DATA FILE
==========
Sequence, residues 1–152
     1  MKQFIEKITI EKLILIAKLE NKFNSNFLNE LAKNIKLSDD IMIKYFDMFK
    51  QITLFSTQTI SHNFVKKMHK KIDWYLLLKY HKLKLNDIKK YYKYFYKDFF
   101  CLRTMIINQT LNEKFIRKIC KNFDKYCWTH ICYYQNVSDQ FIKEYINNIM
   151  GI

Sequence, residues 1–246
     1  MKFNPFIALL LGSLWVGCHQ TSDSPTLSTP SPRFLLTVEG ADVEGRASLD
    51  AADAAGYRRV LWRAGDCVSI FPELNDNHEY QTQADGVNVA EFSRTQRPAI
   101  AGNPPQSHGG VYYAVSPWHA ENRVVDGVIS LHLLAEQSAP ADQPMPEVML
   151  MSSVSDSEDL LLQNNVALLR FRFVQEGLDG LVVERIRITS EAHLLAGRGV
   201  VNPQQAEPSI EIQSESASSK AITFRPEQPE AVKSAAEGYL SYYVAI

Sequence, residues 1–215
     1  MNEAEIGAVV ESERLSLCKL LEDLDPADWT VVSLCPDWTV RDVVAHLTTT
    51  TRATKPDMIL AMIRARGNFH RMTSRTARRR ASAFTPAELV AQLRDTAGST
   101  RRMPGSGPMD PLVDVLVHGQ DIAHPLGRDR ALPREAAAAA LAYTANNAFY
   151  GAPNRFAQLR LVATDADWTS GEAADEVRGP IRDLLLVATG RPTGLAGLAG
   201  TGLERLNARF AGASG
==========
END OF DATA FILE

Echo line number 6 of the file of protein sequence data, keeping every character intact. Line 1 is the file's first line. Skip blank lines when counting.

Sequence, residues 1–246